Cord Cutting Continues

Cord Cutting Continues

JULY 29, 2019

DirecTV lost nearly one million PayTV subscribers over the last three months. 

During the second quarter, DirecTV’s traditional satellite service lost 778,000 subscribers and its streaming service DirecTV Now lost 168,000 accounts. 

AT&T ended the second quarter with 22.9 million premium video connections, which includes 1.3 million DirecTV Now subscribers.

Media Gamble Backfires

AT&T’s buyouts of a declining DirecTV for $49 billion in 2015 and a sputtering Time Warner last year for $85 billion are materializing into massive miscalculations. 

Purchasing DirecTV was AT&T’s first big gamble in the content delivery market. DirecTV offers two services – its traditional satellite dish offering, and DirecTV Now, which is a streaming alternative.

When AT&T acquired DirecTV in 2015, the satellite cable provider controlled 25% of the PayTV market in the United States. However, DirecTV has been shedding subscribers since the beginning of 2017, which is only accelerating.

DirecTV Now was supposed to catch subscribers that canceled the more expensive satellite service, but the streaming service started losing subscribers in mid-2018. The pricing difference between satellite and streaming services makes these losses even more profound. DirecTV costs around $115 per month, while DirecTV Now costs between $45 and $70 per month.

This year, about two million two-year DirecTV contracts are expiring, which will likely see many of these subscribers fleeing for cheaper options elsewhere.

Fire Sale

When AT&T purchased Time Warner in June 2018, the telecom company instantly became the world’s largest media company in terms of revenue.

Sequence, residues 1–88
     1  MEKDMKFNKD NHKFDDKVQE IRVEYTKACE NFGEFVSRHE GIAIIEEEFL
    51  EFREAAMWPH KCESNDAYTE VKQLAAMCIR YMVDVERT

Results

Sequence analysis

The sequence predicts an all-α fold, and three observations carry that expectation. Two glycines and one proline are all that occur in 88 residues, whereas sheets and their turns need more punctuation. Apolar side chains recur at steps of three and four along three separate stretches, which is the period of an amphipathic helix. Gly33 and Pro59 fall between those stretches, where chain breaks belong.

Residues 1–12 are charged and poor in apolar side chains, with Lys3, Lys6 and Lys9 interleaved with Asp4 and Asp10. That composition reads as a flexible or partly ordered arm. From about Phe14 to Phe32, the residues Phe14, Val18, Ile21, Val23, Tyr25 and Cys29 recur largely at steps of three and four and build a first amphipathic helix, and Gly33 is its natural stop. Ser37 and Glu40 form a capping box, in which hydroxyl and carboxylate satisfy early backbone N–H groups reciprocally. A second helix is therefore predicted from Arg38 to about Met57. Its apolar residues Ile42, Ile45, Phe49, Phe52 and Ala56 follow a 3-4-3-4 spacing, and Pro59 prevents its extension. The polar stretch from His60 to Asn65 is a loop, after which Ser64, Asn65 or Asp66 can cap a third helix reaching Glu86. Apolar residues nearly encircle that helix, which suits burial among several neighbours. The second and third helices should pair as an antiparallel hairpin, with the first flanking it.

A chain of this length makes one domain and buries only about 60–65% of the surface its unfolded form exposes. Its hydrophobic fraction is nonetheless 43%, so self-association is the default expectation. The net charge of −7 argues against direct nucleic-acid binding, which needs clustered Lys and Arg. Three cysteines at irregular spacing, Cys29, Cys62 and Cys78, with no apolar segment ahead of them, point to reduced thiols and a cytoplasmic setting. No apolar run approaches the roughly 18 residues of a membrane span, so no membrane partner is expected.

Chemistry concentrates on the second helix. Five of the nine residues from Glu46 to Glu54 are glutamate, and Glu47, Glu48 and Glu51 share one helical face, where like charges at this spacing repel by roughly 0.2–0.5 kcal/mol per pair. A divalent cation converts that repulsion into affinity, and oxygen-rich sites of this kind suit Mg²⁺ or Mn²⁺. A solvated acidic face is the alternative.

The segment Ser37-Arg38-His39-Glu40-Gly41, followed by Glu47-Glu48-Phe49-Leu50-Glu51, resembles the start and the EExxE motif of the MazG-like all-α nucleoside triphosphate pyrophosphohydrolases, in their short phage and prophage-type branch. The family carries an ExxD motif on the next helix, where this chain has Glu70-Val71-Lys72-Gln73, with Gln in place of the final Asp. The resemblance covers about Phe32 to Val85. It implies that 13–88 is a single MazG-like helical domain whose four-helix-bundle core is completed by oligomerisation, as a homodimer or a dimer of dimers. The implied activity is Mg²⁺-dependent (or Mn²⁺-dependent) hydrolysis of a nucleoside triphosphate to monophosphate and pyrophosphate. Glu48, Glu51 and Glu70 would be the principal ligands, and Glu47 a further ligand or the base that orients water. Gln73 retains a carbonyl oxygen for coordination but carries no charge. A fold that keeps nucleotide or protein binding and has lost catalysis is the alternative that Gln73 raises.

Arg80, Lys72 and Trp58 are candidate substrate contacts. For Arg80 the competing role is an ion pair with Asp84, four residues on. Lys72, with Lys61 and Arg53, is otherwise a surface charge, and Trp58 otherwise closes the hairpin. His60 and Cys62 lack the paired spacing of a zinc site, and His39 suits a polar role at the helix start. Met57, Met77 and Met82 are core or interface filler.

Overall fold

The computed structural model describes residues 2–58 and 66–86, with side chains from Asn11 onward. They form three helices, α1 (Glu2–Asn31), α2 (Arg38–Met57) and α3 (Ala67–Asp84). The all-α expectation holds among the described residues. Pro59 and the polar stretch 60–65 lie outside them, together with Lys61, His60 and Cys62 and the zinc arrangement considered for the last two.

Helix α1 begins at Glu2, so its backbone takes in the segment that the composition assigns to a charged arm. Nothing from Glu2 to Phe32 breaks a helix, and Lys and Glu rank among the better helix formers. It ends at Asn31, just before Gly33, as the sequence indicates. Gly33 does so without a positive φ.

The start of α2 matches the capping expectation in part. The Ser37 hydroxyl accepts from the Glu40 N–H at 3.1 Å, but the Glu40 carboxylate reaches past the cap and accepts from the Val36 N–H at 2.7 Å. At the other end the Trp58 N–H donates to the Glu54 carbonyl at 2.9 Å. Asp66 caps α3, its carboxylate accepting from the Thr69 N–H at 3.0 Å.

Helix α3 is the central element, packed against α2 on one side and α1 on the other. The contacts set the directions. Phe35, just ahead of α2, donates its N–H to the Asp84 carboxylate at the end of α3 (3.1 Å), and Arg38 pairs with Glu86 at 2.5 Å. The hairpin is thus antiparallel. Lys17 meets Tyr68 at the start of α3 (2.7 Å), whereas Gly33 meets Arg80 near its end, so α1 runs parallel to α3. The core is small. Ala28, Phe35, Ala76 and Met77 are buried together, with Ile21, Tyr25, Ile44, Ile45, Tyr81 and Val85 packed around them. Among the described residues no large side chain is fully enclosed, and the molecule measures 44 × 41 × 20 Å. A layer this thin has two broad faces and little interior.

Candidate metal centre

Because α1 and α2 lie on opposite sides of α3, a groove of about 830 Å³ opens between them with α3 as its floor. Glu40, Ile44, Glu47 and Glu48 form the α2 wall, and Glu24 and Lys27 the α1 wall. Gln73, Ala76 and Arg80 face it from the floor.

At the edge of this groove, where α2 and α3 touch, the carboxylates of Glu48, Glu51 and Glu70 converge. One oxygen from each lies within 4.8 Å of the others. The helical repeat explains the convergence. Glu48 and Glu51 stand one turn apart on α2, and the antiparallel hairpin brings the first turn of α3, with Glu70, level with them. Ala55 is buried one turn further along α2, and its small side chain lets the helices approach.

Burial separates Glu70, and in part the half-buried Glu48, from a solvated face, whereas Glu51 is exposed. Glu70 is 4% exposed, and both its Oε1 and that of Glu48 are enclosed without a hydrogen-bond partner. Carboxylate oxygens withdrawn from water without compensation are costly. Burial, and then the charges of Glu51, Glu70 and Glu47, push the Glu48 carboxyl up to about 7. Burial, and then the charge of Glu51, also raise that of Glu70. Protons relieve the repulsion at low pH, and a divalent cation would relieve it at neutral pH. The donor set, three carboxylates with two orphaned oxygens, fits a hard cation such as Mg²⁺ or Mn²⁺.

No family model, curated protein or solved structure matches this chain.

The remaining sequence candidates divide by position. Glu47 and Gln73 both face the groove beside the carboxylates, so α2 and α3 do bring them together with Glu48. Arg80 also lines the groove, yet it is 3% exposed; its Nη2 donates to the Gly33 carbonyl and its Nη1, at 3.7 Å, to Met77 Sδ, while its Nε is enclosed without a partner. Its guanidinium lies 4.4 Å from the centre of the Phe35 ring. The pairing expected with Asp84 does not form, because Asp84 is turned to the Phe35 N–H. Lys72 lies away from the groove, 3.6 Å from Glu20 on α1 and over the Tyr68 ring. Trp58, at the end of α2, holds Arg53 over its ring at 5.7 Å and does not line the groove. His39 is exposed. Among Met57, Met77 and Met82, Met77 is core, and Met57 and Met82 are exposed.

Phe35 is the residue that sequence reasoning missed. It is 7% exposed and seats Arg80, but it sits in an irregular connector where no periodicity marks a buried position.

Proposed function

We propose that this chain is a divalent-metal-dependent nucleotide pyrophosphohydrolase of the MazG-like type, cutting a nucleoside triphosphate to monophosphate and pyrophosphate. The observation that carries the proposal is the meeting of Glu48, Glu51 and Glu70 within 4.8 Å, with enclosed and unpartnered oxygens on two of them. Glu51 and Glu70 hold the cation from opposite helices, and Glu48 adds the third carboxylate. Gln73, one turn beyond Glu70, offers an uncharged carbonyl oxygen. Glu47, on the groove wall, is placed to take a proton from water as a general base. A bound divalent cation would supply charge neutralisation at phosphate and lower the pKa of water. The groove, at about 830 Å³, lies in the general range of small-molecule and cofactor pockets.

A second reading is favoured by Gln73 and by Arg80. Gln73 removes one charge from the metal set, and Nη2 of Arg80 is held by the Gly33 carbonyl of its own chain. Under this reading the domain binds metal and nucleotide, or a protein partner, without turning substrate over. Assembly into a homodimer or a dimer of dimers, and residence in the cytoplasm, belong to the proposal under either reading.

However, with nearly $185 billion in debt, AT&T’s media ambitions could force the company to short sell these assets if they continue to weigh down on the company’s telecom and broadband businesses.

AT&T is in discussions to sell HBO Europe to help reduce its mountain of debt. An obvious buyer is the Comcast-owned Sky, but this could prove difficult to clear with the European Commission. The EU Commission is much tougher on anti-trust matters than authorities in the United States.

Sky already distributes HBO content in the United Kingdom, Germany, and Italy.


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Alphabet Soup

AT&T is struggling to juggle all the entertainment and distribution assets acquired in the DirecTV and Time Warner takeovers. 

This portfolio of services include DirecTV, DirecTV Now, HBO, HBO Now, HBO Go, AT&T’s new bundle of channels launching soon called AT&T TV, and WarnerMedia’s forthcoming streaming service HBO Max.

It’s likely the American Telephone and Telegraph Company will tinker with winning formula that made HBO the worldwide leader in premium content by lowing standards to produce more content to fill its multiple distribution pipelines.

CBS Goes Dark

CBS programming went dark for 6.6 million subscribers of AT&T’s DirecTV, DirecTV Now, and U-verse packages after the companies failed to agree on distribution terms. The programming blackout affects AT&T subscribers in more in 14 markets including New York, Los Angeles, and Chicago. 

This was the first time CBS programming has not available on a PayTV provider since Dish Network and CBS failed to agree on terms in 2017. 

AT&T is not willing to pay what CBS is demanding for the right to show its channels on its satellite, cable, and streaming services. 

CBS said that it is seeking “fair market value” for its channels, adding that AT&T’s offer is well below those paid by its competitors. AT&T countered by saying that CBS turned down “an unprecedented rate increase,” noting that its offer is the highest fee that AT&T pays for any major broadcast network. 

In the carriage talks, AT&T has asked to offer CBS All Access to its own PayTV subscribers, as tech companies such as Amazon, Roku and Apple do. CBS has refused, and has not allowed any such arrangement with traditional MVPDs.

FilmTake Away 

Programming blackouts will become more common as cord cutting puts pressure on cable and satellite providers. PayTV providers, whose viewers are fleeing in record numbers for an array of streaming services, are refusing to pay more for programming that fewer customers are watching. 

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